All branches of artistic handicrafts are closely linked together in the arts of design. Material and method of production only separate them, and then the division is, in some instances, very subtle indeed. The technical line of demarcation between tapestry weaving and embroidery is distinct. With lace and embroidery it is not so defined, although there is a great difference between embroidery and the fine kinds of lace - these crafts do considerably overlap in parts. To embroider is to apply some kind of pattern to an already existent material, to express form by stitches, and it is the business of the worker to so arrange the stitches as to indicate by their direction the fibrous growth of the plant, and the varieties of the surface of the objects represented. The stitch method must not be concealed or disguised, but acknowledged and accepted as the principal factor, which cannot be separated from the art of embroidery.

The designer for embroidery has a comparatively free hand compared with the one who designs patterns for woven fabrics to be executed by the modern power-loom. He is evidently working in the wrong direction when he attempts to produce designs for hand work which can easily be imitated and the effect obtained by mechanical means.

The monotonous filling of little squares and geometrical forms in repeat, on specially prepared canvas with certain fixed colours, no longer satisfies the intelligent worker. The tameness of its appearance when finished tires one, the very smoothness and regularity is a defect. Such work should be left to the machine to produce. There is an embroidery machine invented of a most ingenious kind, which enables one person to embroider a repeating design with eighty and up to one hundred and forty needles. Several of these machines are now mounted in France, Germany, and Switzerland, and, with some modifications, in Manchester, Bradford, Glasgow, and Paisley. Those persons who control the work for machines are wide awake to the commercial value of machine-made embroidery that closely imitates hand-wrought needlework. It is therefore desirable that the designer for hand-work should defy the machine by varying the detail in his design, carefully observing that such change and variety does not destroy the sense of repose or make the work in any way assertive. Handwork to-day has a tendency, in all departments of human labour, to be superseded by machinery ; and while machinery has not sufficient self-restraint for the production of works of art, it is all-powerful for their suppression.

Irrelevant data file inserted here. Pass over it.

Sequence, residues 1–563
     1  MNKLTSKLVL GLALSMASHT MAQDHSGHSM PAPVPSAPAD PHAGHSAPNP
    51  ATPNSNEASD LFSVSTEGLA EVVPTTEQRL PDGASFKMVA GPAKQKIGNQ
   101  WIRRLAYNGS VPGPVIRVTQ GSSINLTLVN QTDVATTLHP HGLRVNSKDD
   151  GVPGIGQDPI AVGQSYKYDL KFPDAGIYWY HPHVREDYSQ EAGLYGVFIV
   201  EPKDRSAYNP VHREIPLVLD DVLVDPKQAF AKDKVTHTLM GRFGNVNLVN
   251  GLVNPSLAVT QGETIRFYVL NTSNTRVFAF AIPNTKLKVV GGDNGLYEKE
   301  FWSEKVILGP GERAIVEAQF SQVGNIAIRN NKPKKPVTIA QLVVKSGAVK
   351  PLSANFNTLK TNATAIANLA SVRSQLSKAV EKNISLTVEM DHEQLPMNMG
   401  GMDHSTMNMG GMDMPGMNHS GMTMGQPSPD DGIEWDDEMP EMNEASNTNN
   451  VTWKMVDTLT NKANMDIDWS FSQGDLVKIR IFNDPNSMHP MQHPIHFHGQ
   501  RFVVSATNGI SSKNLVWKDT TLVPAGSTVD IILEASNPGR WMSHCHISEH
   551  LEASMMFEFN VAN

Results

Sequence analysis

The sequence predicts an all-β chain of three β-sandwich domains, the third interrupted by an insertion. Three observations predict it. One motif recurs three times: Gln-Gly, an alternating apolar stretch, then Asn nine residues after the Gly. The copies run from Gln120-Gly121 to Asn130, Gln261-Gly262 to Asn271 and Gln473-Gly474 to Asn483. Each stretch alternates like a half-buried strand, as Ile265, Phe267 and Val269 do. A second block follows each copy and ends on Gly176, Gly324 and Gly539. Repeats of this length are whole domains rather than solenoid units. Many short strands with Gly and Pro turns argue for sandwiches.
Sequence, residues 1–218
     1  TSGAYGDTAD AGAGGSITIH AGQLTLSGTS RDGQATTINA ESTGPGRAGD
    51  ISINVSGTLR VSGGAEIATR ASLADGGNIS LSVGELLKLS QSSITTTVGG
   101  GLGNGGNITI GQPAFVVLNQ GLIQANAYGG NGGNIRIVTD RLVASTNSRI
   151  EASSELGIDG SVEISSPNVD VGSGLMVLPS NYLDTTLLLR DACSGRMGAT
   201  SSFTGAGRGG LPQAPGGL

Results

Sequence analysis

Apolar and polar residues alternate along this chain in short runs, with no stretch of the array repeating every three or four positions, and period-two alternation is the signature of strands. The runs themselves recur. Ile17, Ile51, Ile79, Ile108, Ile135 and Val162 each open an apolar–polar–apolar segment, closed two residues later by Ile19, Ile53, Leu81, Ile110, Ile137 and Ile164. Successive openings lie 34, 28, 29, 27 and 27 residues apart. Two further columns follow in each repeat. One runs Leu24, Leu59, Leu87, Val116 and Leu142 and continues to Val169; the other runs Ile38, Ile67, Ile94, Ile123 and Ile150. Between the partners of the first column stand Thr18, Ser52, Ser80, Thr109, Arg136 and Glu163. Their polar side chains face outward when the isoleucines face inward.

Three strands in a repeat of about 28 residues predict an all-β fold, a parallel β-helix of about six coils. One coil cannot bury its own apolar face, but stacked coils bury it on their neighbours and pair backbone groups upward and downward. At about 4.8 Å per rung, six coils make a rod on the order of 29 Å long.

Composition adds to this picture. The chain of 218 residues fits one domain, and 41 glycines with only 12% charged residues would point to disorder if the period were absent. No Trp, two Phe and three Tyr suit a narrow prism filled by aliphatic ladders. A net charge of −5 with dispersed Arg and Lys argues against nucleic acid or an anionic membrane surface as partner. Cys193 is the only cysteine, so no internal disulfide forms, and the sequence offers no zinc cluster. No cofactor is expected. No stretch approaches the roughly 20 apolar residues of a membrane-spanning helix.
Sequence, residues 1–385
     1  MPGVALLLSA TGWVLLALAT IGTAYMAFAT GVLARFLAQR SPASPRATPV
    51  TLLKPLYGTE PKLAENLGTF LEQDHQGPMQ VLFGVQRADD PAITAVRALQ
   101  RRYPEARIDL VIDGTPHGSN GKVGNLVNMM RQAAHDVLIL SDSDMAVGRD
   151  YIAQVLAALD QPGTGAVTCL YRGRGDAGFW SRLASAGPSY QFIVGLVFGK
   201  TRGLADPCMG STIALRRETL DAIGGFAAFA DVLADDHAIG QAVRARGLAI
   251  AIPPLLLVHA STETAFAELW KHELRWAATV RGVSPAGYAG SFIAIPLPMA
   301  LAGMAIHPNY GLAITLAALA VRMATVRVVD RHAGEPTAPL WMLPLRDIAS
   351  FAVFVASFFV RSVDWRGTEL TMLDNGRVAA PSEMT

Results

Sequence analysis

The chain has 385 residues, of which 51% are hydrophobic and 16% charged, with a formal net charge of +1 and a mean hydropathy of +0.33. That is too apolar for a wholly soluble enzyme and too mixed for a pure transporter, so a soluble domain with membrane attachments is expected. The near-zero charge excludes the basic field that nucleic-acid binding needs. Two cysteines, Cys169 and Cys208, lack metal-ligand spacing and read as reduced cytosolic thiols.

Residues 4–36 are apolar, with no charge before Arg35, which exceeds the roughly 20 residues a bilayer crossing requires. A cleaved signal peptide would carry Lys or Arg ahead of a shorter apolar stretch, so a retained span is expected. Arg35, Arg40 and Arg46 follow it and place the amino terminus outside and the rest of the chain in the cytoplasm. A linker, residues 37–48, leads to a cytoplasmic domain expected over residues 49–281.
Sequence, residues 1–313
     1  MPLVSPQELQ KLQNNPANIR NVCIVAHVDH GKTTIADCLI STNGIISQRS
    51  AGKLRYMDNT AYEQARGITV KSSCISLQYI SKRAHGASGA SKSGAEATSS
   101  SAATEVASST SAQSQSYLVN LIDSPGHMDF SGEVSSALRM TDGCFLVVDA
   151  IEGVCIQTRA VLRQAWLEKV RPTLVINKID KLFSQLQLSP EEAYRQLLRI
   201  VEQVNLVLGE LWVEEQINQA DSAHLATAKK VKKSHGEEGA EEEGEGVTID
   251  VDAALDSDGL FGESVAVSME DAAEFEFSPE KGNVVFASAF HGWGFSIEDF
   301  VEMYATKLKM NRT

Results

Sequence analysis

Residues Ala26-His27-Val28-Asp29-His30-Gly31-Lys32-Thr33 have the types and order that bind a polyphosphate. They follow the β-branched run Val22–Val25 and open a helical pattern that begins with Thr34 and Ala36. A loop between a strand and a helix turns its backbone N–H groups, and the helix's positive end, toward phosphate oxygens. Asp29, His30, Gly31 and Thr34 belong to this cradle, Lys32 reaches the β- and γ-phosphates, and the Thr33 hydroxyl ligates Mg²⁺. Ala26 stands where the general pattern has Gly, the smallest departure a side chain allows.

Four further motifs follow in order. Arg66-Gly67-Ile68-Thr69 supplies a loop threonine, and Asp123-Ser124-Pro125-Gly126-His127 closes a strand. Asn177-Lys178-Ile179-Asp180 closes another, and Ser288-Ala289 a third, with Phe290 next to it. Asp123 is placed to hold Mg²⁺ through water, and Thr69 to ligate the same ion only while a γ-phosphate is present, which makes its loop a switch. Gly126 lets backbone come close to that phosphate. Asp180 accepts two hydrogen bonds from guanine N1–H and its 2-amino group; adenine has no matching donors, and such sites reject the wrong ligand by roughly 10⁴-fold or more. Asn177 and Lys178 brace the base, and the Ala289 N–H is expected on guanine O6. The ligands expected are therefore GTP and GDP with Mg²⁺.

The embroideress of the early days was doubtless the designer of her work as well. She had no portfolio of designs to draw upon, but diligently studied the book of nature for her material. Not being hampered by whims and fashions as in the present day, her taste was original and pure. Unconsciously principles of order, balance, and construction were followed. The first thing we of to-day have to do is to learn to see and appreciate the beauties of nature, get a sound knowledge of plants and flowers, and by degrees we shall begin to see the beauties of art. Our taste has to some extent been handicapped by our association with badly designed patterns, furniture, etc., and it is difficult to avoid being brought into contact with these things in our daily journeyings.